Saturday, 21 September 2013

Back to the blues

There is sometimes a fine line when it comes to discerning the difference between the colours of green and blue - as British Prime Minister David Cameron has been finding out.

His bold claim on coming to power to be leading the "greenest government ever" seems to be turning into something of a wistful ruse at best.

The summer’s unresolved fracas over fracking for shale gas didn’t really help matters but the latest salver came from a more unlikely source - a Conservative party donor.

Alexander Temarko, a significant British energy investor, claims investors in renewable technologies are being scared off by "seriously mis-leading" messages from the Government.

The Russian businessman, who has made donations in excess of £50,000 to the Conservative party, believes the Government is now paying little more than "lip service" to renewable energy.

Temarko says that failing to provide the clear targets investors need before committing to long term green electricity generation projects is squandering the opportunity to create thousands of jobs and generate billions of pounds in revenues.

The charge is levelled equally at the Prime Minister, his Chancellor of the Exchequer, George Osborne, and, to a lesser extent, at Ed Davey, the Energy and Climate Change Secretary.

In fairness, Davey campaigned to include a requirement in the Energy Bill - currently progressing through Parliament - that would have required the UK's electricity supply to become almost entirely ‘green' by 2030.

But Osborne replaced the target with less onerous wording that grants the Government the power from 2016 to require Britain's electricity supply to become almost entirely green only at some point in the future and should it choose to do so.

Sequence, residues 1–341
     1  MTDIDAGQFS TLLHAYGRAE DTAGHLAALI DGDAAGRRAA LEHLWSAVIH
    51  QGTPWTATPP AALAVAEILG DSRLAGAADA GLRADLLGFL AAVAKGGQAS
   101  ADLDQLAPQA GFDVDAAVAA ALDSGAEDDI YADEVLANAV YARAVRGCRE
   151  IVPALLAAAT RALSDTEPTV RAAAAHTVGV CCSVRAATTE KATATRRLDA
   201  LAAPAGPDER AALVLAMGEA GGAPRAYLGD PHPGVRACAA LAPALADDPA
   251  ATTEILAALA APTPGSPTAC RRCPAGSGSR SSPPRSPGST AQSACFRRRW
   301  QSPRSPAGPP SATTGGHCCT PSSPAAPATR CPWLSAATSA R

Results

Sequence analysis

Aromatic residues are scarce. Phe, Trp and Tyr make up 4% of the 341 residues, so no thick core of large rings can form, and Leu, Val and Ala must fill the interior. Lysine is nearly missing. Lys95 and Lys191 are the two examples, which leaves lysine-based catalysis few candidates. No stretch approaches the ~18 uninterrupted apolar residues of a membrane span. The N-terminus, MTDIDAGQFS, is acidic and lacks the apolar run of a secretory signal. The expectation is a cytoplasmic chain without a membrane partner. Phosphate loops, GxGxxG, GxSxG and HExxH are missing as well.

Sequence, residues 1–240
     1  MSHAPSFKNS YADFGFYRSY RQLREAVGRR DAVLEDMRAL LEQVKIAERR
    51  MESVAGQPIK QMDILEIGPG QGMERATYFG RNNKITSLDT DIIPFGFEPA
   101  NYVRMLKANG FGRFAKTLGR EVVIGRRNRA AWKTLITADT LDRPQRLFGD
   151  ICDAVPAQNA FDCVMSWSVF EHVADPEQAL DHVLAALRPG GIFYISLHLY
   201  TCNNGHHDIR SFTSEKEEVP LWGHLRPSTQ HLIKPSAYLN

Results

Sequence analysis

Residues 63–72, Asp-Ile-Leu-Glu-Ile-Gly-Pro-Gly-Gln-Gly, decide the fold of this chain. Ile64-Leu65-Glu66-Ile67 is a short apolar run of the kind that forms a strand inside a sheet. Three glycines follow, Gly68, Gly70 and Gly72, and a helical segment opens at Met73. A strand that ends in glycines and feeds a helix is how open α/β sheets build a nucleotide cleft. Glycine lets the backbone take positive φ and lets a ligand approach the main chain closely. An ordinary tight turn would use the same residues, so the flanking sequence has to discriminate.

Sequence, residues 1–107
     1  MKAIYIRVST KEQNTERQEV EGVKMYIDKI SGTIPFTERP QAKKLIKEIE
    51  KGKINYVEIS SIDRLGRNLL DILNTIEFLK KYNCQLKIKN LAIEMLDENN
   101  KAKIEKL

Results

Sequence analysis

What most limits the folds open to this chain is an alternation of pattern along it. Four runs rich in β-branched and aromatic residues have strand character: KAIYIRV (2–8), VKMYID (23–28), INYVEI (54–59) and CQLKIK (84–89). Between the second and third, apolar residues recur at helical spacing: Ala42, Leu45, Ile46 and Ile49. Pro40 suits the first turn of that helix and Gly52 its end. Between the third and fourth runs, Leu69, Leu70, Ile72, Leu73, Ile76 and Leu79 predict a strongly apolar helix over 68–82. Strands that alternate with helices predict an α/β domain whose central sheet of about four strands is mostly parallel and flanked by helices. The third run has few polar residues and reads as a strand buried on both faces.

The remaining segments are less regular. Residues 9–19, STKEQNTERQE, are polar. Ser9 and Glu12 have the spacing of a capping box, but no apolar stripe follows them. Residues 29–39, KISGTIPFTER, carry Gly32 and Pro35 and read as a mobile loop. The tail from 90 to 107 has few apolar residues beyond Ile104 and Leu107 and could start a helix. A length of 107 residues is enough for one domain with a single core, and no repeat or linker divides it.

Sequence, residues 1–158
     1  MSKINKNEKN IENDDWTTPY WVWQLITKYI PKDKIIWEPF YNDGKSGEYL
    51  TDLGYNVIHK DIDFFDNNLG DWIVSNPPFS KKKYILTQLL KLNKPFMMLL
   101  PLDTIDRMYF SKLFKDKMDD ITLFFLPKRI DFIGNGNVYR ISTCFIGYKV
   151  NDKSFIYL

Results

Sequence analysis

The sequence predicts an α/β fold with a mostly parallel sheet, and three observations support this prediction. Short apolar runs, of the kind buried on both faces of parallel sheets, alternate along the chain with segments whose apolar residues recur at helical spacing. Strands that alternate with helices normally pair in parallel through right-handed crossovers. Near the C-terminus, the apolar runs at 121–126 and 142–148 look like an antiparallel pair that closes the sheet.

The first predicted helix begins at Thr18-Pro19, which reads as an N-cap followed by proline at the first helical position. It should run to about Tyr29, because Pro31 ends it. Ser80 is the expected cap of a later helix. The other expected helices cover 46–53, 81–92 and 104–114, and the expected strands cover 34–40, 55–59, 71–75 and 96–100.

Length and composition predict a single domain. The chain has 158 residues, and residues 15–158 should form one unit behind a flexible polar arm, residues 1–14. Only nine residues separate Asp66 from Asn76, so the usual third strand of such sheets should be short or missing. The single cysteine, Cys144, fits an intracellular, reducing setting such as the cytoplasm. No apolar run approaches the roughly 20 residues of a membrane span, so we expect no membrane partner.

All this comes at a time when the country’s profit-hungry big six energy companies are about to announce another inflation-busting price hike to gas and electricity prices.

An exception to the rule is Ecotricity which announced mid-September that it was ending its ‘Big Six price match’ under which the small energy provider had matched each Big Six standard tariff in their home regions.

This delivered green energy for the price of brown and meant that, for most people in Britain, it costs no more to be with Ecotricity.

The company’s new pricing promise is that it will charge less than each of the Big Six standard tariffs - delivering green energy for less than the price of brown.

In the meantime, the Prime Minister and his Government’s ‘green' credentials have shifted chamaeleon-like back through the political colour spectrum to the traditional Conservative party blue.

And Temarko is right in one sense - the lack of a sound, long term energy policy is doing no one in the UK any favours.

This piece was originally scheduled for publication on 21 September 2013 but the Lighthouse Keeper was unable to access his blog due to Chinese internet restrictions whilst on assignment in Beijing and so it has been published retrospectively. The title is inspired by the album of the same name from the late Gary Moore (1952 – 2011), a musician from Belfast, Northern Ireland, best recognised as a blues rock guitarist and singer. In a career dating back to the 1960s, Moore played with artists including Phil Lynott and Brian Downey and was a member of the Irish rock band Thin Lizzy.

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